Meningiomas are benign, slow-growing tumors that typically occur in older females. However, they may present in pregnancy due to their usually rapid increase in size. Often ophthalmic symptoms of decreased vision or visual field loss are the first manifestations. Since most of these tumors regress in size postpartum, those patients who are asymptomatic or with mild symptoms can be observed and left untreated. For those patients who require treatment, it is usually surgical since these tumors are not radiation or chemotherapy sensitive. Indications for timing and type of intervention require individual case analysis.
Uveal melanoma is a rare occurrence among pregnant patients, as they usually occur in the older population. From the limited case reports that exist, it appears that uveal melanomas behave no differently in pregnancy, and those that have been treated show similar 5-year survival rates to the nonpregnant treated population. No increased risk of metastases is apparent with pregnancy, and no case reports of placental or fetal metastases exist.
Case reports exist of other intracranial tumors occurring during pregnancy, such as lymphocytic hypophysitis, which may mimic a pituitary adenoma. Other uncommon intracranial masses include choroidal hemangiomas, craniopharyngiomas, and orbital hemangiomas.
Vogt-Koyanagi-Harada syndrome is a bilateral panuveitis with central nervous system and cutaneous involvement. Reports exist of improvement and even complete remission during pregnancy and postpartum.
Sarcoidosis, ankylosing spondylitis, and juvenile rheumatoid arthritis
Ample case reports exist of improvement in both ocular and systemic manifestations of the above diseases during pregnancy. This improvement may perhaps be due to the increased amount of endogenous corticosteroids during pregnancy. Postpartum recurrence or flare-ups are not uncommon.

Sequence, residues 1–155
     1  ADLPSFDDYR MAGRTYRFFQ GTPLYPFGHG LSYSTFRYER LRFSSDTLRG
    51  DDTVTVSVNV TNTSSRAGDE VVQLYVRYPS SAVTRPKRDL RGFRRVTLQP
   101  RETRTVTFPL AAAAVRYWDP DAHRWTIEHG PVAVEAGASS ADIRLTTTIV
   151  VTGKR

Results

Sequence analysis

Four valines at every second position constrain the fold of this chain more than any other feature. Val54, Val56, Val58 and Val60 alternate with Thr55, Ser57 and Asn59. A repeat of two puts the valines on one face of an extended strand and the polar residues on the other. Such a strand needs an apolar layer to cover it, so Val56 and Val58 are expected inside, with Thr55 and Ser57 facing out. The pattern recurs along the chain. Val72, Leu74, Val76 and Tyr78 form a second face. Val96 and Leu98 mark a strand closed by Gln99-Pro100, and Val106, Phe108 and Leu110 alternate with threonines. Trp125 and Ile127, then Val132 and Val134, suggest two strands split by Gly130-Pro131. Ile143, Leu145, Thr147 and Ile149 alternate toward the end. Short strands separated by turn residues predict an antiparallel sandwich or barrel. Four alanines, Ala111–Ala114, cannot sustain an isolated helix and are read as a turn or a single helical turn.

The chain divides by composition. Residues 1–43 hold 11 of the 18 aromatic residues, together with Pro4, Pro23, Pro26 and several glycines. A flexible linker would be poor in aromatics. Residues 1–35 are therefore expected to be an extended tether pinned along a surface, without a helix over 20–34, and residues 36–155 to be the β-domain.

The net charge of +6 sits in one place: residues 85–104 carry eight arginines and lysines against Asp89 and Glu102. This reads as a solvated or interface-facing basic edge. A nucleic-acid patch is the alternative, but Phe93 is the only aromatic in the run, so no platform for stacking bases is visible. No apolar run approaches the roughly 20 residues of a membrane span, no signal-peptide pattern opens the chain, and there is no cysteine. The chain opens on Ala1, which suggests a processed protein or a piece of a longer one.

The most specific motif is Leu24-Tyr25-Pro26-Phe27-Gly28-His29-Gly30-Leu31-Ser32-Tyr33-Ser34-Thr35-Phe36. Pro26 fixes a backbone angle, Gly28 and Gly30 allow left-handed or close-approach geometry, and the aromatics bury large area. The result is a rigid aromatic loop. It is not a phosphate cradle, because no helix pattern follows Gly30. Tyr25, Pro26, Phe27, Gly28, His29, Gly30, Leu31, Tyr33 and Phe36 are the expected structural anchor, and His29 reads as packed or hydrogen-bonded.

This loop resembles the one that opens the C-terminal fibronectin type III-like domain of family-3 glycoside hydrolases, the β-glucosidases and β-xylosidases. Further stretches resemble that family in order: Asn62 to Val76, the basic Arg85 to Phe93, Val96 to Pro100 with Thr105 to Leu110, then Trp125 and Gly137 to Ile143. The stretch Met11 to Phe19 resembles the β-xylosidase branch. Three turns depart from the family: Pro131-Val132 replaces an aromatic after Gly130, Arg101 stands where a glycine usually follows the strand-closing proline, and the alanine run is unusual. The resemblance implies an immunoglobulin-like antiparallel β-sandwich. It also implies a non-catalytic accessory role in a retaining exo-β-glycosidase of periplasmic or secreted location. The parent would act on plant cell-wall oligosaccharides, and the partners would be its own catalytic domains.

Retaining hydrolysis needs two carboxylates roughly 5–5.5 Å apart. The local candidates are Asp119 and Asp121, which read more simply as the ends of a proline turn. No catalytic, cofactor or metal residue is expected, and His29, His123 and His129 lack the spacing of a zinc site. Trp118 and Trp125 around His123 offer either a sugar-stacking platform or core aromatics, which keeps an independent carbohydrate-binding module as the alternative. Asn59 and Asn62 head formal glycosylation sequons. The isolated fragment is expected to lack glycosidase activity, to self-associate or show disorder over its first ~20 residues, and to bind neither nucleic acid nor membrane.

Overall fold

Toxoplasma gondii is a parasite that can be acquired congenitally via an acutely infected mother or ingestion of infected meat. Congenital infection occurs through transplacental transmission from a mother infected just before or during pregnancy to the developing fetus. The severity of congenital infection is highest when acquired during the first trimester of pregnancy, although the frequency of transmission to the fetus is greatest during the third trimester when contact of the maternal and fetal circulations is more likely to occur. Once maternal immunity has developed, it is believed that all future fetuses are protected from the development of congenital toxoplasmosis.
Latent ocular toxoplasmosis may reactivate during pregnancy in the mother. These patients usually are treated in a similar fashion to patients who are not pregnant. However, since pyrimethamine is potentially teratogenic, spiramycin has been recommended as a safer and equally effective alternative. The risk to the fetus of acquiring congenital toxoplasmosis in these cases is almost negligible.
An exacerbation of Graves disease may occur during the first trimester of pregnancy or even postpartum. The disease usually is quiescent during the latter portion of the pregnancy. Patients with Graves orbitopathy are treated in a similar fashion to patients who are not pregnant. The ophthalmologist should be aware of the symptoms of thyrotoxicosis (ie, tachycardic, weight loss, labile emotions, tremor, diaphoretic) because it represents an endocrinological emergency to both the mother and the fetus. 
A few case reports of progression of retinitis pigmentosa during pregnancy exist. These reports are anecdotal and do not suggest a clear mechanism.